The value of this approach becomes apparent quickly for many clients, even when their situations seem to be strong. One community hospital engaged us just after the Affordable Care Act (ACA) took effect. They had a high spending goal for their portfolio at 5.5%, well above the national average of 4.4%, but attainable based on the previous three years’ returns. Going forward, however, 5.5% would be difficult for a hospital endowment—to achieve the long-term returns necessary to sustain it, they’d need to take on disproportionate risk for a hospital. Such risk may not have been unreasonable in the right circumstances, if, perhaps, other funding sources been solid.
But at that time, they—like all hospitals—were uncertain of how the ACA would affect reimbursements and revenues. Few hospital CFOs then held any confidence in revenue projections. Worse, the same market factors that weaken returns often cause donors to decrease giving. At the exact moment that they needed to throttle back endowment risk and spending, they were uncertain how or if they’d be able to meet future budgetary needs. It was a triple threat.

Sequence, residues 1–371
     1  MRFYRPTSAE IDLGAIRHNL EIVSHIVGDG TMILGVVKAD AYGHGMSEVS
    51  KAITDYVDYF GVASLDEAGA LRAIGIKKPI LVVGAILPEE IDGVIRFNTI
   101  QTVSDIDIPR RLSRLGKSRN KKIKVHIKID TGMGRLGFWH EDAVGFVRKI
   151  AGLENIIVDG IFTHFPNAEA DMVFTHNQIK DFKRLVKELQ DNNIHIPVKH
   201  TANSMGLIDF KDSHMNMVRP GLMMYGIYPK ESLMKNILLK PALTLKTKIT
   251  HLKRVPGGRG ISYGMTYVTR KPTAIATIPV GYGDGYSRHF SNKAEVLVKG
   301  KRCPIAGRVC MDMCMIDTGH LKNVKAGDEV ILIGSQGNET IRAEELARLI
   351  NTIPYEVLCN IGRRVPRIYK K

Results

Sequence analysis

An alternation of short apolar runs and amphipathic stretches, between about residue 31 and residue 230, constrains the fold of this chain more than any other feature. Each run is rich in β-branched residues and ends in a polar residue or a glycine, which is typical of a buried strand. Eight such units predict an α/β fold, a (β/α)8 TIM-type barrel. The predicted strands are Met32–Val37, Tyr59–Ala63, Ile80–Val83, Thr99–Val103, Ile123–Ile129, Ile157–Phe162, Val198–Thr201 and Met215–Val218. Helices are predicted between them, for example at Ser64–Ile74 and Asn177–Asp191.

We had to have an uncomfortable conversation once we got both teams in the same room.
The hospital was still fiscally strong at that time, and was a valuable asset to its community. By bringing the finance team in and showing them the reality of the risk to the endowment—which was not on their radar because they were by necessity mired in day-to-day operations—we were able spur a review of overall budgeting, fundraising, and financing. We were the bearer of bad news—they couldn’t rely on higher endowment spending—but the result was a donor drive that used all the information we’d provided on future market returns and the long-term health of the endowment. That drive succeeded. It raised funds to bridge the gap and ensure that they could weather the expected and potential revenue changes. The negative became a positive.